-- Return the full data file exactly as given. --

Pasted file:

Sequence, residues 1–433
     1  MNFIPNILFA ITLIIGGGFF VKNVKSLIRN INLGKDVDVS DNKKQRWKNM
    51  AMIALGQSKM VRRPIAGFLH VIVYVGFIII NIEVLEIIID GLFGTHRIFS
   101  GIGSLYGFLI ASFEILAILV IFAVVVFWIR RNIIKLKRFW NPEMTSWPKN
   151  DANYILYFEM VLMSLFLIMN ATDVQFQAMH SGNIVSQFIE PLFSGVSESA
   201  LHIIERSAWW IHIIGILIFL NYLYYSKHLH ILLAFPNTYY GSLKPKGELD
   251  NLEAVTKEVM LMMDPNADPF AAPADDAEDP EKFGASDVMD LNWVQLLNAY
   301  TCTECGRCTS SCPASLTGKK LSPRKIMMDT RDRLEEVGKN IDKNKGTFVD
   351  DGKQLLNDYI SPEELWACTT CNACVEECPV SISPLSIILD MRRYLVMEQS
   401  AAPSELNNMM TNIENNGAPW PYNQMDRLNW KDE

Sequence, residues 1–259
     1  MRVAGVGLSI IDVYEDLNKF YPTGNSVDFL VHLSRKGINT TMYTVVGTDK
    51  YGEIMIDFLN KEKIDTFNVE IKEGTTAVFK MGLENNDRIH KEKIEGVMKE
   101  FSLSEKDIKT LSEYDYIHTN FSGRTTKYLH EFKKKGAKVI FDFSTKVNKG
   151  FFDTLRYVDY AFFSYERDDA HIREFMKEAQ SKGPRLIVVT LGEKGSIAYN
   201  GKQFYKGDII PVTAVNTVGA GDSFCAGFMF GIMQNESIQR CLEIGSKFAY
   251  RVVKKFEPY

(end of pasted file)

Sequence, residues 1–433
     1  MNFIPNILFA ITLIIGGGFF VKNVKSLIRN INLGKDVDVS DNKKQRWKNM
    51  AMIALGQSKM VRRPIAGFLH VIVYVGFIII NIEVLEIIID GLFGTHRIFS
   101  GIGSLYGFLI ASFEILAILV IFAVVVFWIR RNIIKLKRFW NPEMTSWPKN
   151  DANYILYFEM VLMSLFLIMN ATDVQFQAMH SGNIVSQFIE PLFSGVSESA
   201  LHIIERSAWW IHIIGILIFL NYLYYSKHLH ILLAFPNTYY GSLKPKGELD
   251  NLEAVTKEVM LMMDPNADPF AAPADDAEDP EKFGASDVMD LNWVQLLNAY
   301  TCTECGRCTS SCPASLTGKK LSPRKIMMDT RDRLEEVGKN IDKNKGTFVD
   351  DGKQLLNDYI SPEELWACTT CNACVEECPV SISPLSIILD MRRYLVMEQS
   401  AAPSELNNMM TNIENNGAPW PYNQMDRLNW KDE

Sequence, residues 1–259
     1  MRVAGVGLSI IDVYEDLNKF YPTGNSVDFL VHLSRKGINT TMYTVVGTDK
    51  YGEIMIDFLN KEKIDTFNVE IKEGTTAVFK MGLENNDRIH KEKIEGVMKE
   101  FSLSEKDIKT LSEYDYIHTN FSGRTTKYLH EFKKKGAKVI FDFSTKVNKG
   151  FFDTLRYVDY AFFSYERDDA HIREFMKEAQ SKGPRLIVVT LGEKGSIAYN
   201  GKQFYKGDII PVTAVNTVGA GDSFCAGFMF GIMQNESIQR CLEIGSKFAY
   251  RVVKKFEPY